Limited perspective: Wall Street to Haiti


Mr. Alan D. Schwartz, Bear’s chief executive, looking pale, summed it up. “We here are a collective victim of violence,” he said, his voice cracking.

As reported in NYT, so the captain of the largest failed investment bank emotionally addressed a group of top executives. There is temptation to make fun of these people, who count among America’s super rich even after losing millions and millions as a result of bad collective decisions.

However trivializing their pain risks missing insight into the power of perspective. Bear execs are feeling like victims, and we should try to understand why. Wall Street is a culture where you work extremely hard at often tedious tasks and make extremely large amounts of money. When the money and grandiose future you expected suddenly vanish, you feel awful. Within this framework, you got screwed.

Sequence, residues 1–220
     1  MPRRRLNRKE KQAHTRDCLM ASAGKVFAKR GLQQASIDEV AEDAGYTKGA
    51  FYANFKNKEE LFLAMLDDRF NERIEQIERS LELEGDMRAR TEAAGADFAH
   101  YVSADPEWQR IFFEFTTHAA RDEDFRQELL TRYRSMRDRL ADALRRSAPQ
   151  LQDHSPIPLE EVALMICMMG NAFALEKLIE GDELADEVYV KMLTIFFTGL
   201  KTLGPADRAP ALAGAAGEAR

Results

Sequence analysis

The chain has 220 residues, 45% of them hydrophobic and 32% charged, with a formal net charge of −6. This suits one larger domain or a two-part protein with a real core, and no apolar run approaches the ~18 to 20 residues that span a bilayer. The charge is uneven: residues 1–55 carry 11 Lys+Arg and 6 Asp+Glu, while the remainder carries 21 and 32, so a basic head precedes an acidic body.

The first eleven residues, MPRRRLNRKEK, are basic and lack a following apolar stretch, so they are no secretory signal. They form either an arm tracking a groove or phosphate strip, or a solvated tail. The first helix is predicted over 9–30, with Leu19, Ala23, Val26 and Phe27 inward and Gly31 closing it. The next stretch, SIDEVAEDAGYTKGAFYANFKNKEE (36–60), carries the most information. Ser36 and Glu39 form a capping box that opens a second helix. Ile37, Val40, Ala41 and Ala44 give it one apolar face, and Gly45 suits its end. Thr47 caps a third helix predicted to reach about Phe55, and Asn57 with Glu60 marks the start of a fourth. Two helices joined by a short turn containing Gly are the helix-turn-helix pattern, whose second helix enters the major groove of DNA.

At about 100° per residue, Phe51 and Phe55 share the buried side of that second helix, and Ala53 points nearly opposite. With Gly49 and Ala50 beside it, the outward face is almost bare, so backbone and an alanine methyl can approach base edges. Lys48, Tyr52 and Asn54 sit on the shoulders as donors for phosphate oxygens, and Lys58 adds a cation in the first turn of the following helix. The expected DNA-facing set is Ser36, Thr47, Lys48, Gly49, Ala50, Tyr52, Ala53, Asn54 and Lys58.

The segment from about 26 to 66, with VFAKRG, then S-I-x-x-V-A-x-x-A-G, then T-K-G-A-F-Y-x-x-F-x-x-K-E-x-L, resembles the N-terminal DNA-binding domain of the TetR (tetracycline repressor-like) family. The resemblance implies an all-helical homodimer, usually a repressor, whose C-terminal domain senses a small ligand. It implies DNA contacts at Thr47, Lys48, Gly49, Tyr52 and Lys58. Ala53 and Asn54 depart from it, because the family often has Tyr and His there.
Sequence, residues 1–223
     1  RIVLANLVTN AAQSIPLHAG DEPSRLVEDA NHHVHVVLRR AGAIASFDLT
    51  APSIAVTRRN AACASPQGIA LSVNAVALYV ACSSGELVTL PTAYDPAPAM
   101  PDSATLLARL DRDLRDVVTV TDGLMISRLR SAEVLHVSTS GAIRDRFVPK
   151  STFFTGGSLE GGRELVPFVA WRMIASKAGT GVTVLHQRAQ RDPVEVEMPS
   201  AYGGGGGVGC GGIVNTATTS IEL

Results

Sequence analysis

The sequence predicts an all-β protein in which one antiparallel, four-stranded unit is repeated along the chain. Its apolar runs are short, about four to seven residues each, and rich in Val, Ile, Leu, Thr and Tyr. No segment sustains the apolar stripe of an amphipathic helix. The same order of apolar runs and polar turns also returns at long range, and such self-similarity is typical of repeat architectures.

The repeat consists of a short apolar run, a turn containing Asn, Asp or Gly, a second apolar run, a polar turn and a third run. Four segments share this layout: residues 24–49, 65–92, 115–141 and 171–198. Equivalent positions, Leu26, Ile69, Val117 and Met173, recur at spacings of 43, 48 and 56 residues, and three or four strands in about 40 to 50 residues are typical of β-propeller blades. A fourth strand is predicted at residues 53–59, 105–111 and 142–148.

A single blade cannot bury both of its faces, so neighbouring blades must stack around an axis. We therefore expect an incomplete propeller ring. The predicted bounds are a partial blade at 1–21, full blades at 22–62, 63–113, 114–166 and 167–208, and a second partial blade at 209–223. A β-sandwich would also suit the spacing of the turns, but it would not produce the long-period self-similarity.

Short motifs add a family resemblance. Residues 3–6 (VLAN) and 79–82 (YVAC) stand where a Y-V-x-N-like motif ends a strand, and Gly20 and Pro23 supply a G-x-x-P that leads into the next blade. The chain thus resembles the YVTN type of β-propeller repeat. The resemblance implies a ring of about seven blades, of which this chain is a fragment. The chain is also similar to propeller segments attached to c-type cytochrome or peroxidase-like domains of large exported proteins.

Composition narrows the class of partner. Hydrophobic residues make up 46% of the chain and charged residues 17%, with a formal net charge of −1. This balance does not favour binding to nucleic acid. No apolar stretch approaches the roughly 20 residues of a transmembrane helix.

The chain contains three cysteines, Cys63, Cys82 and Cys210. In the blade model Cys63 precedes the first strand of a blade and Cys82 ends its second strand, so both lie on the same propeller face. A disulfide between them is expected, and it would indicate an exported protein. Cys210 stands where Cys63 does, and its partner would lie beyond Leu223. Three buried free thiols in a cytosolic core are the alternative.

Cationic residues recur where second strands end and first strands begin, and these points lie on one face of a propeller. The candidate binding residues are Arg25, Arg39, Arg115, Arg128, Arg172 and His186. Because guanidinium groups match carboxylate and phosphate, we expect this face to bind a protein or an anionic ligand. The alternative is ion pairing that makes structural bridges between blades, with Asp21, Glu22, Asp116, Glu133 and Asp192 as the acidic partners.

Let’s check another extreme framework from the Haitian under class. Because Haitians are also a product of their environment, they aren’t likely to feel as victims until a very large and negative thing happens, such as getting thrown in a jail cell not bigger than a bathroom, with 43 other people locked in, perhaps for crimes they didn’t commit because 90% of prisoners have not had trials. People live in this cell literally on top of each other. This is SCARY. I don’t have to detail other victim examples from ethnic cleansing in Africa or forced labor in China.

The point is that victimhood is always relative. Something violently unfair for a banker may not seem unfair to you. Something violently unfair for you may not seem unfair in a Haitian slum. We should strive to keep perspective on all the things we’re lucky to have, but we shouldn’t be surprised when others don’t show such an enlightened point of view. It’s quite hard to achieve, especially when you’re surrounded by rich bankers and you’ve never seen a Haitian jail.


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